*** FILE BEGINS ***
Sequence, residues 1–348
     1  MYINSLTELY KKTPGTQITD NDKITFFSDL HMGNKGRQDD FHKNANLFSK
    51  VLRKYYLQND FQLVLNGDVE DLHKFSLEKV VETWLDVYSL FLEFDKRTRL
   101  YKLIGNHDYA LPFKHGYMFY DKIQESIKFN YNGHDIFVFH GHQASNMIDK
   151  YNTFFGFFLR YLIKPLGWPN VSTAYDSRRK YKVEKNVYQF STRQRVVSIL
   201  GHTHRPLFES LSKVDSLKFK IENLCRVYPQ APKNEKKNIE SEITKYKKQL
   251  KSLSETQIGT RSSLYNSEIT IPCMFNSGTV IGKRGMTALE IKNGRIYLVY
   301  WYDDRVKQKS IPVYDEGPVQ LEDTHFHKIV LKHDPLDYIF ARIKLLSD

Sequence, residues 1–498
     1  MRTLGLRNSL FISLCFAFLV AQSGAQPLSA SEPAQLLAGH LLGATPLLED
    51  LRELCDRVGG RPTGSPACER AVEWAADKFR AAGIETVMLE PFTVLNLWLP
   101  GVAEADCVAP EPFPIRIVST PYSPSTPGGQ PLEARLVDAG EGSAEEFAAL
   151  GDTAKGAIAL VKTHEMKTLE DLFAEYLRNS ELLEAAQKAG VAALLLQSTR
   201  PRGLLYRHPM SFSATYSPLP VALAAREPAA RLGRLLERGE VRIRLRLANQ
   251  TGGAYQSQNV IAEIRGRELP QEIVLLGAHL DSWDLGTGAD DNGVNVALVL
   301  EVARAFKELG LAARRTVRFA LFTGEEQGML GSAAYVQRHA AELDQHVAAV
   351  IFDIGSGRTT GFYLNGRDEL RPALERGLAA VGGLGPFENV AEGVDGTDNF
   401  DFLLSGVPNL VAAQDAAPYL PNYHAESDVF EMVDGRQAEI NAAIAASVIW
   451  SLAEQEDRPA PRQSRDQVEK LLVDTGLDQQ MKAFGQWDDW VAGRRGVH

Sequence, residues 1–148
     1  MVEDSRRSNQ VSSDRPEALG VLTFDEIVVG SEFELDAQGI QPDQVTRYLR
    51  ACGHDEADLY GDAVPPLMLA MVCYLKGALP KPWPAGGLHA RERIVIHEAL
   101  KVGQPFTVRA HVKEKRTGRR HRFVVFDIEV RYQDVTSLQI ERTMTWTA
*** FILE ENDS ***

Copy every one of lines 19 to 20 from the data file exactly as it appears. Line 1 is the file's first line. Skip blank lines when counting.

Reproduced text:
   451  SLAEQEDRPA PRQSRDQVEK LLVDTGLDQQ MKAFGQWDDW VAGRRGVH

Sequence, residues 1–148